Niall (i)

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He was my best friend. I’m not ashamed to say that I loved him, and weep for him still. He was the funniest, moodiest sod I ever met. We were in Moscow in 86 and 87. We discovered Shostakovich and Schnittke. We ate caviar. We drank vodka. Et in Arcadia ego… Back in Dublin, we went up on his scooter to the Glen of Imaal to that pub whose name I’ve forgotten and careered drunkenly back in the inky night. We shared a flat – Royal Terrace West, Dun Laoghaire – but that didn’t go too well. For a while we didn’t talk. Then I was stumbling through Front Square in the throes of a very minor nervous breakdown and bumped into him, and we picked things up again.

We inhabited Bewleys – frothy milky coffee, remember them? – and the snug of the Stag’s Head. I introduced him to Norfolk – someone had to get him away from the damp in Henrietta Street. He went to Brussels. I visited him there, and we went down to France to buy a Citroen DS – Doris. He wanted to go to Trabzon – cf The Towers of Trebizond, Rose Macauley – so I bought a Vespa, and passed the test the day before we left. Over the Alps we went. Inevitably there was a row – in Corfu. So back we rode, almost to the border with Switzerland before he decided to be civil. We had a pizza, turned round, went all the way back to Ancona and took the ferry to Greece. Through Istanbul we went – no time to stop. We had maps for everywhere except Turkey – ‘We just keep the Black Sea on our left,’ he said. But not long after a petrifying ride across that famous bridge the road stopped abruptly in a grubby little village. That night we were the only foreigners staying in the local hotel – where I got scabies – and there was a cinematic moment in the restaurant – with a slimy green tank full of dead fish – when all the musicians in the village descended on us. So we went back to Istanbul to buy a map. But we were diverted by the glorious madness of the Crimean Memorial Church and Ian Sherwood. We never did get to Trabzon. Ian had a job for Niall, and he stayed there for three years, running a project assisting refugees and in the process becoming an opinionated churchman. He brought Doris there, and there followed many holidays in Turkey. Before he left, he was the model for St Cuthbert in the remarkable screen painted by Mungo McCosh in the church. In the background is a vista of the Great City, with Doris crossing that bloody bridge.

I went to Spain, and we took several trips into the fabled interior – what my Benidorm-bound parishioners used to call ‘the real Spain’. He returned to Ireland, in time to ride that now deceased tiger. He prospered. I moved to Finland. He visited several times. The last time, in February 2001, we went to a concert at Finlandia Hall to hear Natalya Gutman playing something or other. For Niall at least it mattered less what was played than who was scratching that instrument between her legs. Years before, we had heard her play – of all things – Elgar’s cello concerto at the Conservatoire in Moscow, and he had managed to get backstage afterwards and had persuaded her to sign his programme.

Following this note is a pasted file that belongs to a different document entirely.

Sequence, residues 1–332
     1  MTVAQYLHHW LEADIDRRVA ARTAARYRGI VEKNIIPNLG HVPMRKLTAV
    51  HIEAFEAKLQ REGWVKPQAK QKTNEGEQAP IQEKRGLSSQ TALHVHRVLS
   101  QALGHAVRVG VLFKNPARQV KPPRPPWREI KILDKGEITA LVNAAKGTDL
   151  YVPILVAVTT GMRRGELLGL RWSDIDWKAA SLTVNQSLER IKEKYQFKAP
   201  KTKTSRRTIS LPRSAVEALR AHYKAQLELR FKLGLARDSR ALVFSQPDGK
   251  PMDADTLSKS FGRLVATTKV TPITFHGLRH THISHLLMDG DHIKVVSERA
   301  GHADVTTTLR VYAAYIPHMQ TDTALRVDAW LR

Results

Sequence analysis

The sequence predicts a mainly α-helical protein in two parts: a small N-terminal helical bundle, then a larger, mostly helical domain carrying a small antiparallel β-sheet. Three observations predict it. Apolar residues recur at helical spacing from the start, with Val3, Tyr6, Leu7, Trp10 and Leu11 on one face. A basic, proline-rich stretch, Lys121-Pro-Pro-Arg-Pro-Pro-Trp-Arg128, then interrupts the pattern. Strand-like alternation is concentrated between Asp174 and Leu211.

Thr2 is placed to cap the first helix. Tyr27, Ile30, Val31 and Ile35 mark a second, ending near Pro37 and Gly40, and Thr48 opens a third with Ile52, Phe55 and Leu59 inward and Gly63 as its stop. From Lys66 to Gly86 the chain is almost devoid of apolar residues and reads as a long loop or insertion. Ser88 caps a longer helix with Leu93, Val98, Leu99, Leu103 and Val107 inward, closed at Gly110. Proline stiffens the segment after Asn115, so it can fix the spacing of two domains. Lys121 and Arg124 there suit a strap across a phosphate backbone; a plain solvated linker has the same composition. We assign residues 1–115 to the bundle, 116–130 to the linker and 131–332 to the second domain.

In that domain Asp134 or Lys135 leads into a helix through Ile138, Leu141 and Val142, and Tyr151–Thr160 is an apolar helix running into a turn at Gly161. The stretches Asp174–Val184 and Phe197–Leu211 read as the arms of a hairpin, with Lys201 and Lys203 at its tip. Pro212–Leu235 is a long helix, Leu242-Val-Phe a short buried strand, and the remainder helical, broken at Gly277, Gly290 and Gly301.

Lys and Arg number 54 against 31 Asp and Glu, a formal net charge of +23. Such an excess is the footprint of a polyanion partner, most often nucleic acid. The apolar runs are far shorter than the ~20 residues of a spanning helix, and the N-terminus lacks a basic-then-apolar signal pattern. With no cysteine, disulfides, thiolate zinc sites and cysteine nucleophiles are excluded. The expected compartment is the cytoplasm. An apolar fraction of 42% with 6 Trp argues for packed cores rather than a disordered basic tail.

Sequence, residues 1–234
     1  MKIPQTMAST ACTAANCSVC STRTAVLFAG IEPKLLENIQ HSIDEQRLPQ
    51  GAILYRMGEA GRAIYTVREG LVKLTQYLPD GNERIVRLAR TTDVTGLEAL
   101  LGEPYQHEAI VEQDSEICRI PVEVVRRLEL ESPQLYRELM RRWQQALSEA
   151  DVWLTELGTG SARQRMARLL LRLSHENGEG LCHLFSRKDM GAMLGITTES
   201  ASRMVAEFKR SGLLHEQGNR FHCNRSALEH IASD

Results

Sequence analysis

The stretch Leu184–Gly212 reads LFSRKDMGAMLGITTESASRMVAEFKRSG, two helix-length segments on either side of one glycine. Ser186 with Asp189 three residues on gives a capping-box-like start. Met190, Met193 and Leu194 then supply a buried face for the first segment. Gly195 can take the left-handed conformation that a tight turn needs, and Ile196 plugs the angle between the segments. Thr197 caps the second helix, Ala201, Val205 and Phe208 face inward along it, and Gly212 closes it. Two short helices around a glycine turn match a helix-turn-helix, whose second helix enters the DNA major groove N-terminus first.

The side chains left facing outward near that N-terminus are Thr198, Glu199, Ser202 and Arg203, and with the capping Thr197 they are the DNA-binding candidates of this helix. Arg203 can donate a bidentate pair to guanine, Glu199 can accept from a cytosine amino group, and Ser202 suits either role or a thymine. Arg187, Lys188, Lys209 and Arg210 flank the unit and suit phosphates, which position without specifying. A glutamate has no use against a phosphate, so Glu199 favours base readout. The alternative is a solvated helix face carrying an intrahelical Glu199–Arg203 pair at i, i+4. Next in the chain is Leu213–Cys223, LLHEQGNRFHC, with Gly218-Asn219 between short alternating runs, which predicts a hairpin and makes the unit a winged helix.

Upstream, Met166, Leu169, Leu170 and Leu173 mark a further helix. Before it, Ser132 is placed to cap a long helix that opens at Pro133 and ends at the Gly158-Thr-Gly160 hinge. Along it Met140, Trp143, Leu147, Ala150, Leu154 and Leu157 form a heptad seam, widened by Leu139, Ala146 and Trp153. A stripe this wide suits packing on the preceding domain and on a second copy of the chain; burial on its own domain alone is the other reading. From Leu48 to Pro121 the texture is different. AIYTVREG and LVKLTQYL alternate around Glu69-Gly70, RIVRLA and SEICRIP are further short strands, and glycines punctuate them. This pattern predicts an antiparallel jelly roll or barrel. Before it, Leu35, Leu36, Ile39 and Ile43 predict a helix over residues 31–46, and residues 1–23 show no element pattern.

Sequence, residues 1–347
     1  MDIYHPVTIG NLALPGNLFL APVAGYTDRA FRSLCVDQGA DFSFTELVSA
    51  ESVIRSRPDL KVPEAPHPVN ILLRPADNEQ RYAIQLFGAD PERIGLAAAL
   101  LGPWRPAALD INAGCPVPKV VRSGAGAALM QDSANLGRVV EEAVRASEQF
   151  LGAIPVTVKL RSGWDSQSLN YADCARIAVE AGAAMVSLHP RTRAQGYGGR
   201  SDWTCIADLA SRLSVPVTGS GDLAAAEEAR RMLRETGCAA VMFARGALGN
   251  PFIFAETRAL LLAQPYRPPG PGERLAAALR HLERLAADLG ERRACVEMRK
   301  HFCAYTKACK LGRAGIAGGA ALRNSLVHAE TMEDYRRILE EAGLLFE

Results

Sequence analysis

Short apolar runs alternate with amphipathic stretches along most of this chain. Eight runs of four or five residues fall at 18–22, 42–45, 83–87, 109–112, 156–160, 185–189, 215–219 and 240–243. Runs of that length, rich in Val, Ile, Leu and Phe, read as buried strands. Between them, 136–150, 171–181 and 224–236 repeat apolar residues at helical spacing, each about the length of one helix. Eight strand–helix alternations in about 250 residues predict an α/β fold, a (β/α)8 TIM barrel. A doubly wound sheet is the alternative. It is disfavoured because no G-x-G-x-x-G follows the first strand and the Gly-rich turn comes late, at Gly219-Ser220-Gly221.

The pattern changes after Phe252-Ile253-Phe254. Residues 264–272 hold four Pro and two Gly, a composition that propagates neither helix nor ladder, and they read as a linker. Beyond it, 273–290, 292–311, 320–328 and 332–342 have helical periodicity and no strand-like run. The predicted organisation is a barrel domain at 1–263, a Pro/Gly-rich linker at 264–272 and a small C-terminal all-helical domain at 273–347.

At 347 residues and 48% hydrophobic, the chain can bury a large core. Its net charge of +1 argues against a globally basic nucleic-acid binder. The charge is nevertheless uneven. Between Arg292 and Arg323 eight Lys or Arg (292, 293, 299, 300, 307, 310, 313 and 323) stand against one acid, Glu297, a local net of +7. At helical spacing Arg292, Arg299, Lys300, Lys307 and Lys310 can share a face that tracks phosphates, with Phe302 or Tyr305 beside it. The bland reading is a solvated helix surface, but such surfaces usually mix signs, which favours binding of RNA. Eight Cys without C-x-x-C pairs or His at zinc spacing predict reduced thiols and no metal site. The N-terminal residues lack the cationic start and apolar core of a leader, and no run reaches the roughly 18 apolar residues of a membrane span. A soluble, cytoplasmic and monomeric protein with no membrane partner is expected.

And then, in April 2001, I was back home. I went straight from the airport to Pembroke Road. We drank champagne, ate smoked salmon, smoked Cohibas. We set out on foot for St John’s Sandymount. Niall was a devotee of benediction, and it still happened there in those days. He had just finished fulminating against the vulgarity and architectural illiteracy of the newly opened Four Seasons when he said that he didn’t feel very well. Then he said he was okay. Then he said he wasn’t. He gave me his mobile phone to call an ambulance, but I didn’t know what to do with the wretched thing, and he was wheezing too much to tell me. I flagged down a passing car, and we raced to St Vincent’s. He actually got out of the car by himself. I was still thanking the guy, who was clearly relieved that we hadn’t hijacked him. I called after Niall ‘Go straight in, I’ll register you.’ I did that, went into Casualty. He was in the first cubicle. He collapsed the moment I saw him, and all hell broke loose. The crash team came running, and I was led away to that room where you wait for what seems like hours but is probably only twenty minutes for someone to come with that look on their face and you know it’s over. And a black hole opens that will never quite be filled.

Rupert Moreton

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